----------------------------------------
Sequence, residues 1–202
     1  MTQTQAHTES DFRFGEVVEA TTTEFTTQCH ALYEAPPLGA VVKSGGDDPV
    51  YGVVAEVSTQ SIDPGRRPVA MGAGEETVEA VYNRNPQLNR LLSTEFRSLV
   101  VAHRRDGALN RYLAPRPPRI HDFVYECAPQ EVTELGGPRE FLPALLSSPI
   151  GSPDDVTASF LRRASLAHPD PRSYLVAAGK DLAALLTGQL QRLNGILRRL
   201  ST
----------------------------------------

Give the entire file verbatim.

Sequence, residues 1–202
     1  MTQTQAHTES DFRFGEVVEA TTTEFTTQCH ALYEAPPLGA VVKSGGDDPV
    51  YGVVAEVSTQ SIDPGRRPVA MGAGEETVEA VYNRNPQLNR LLSTEFRSLV
   101  VAHRRDGALN RYLAPRPPRI HDFVYECAPQ EVTELGGPRE FLPALLSSPI
   151  GSPDDVTASF LRRASLAHPD PRSYLVAAGK DLAALLTGQL QRLNGILRRL
   201  ST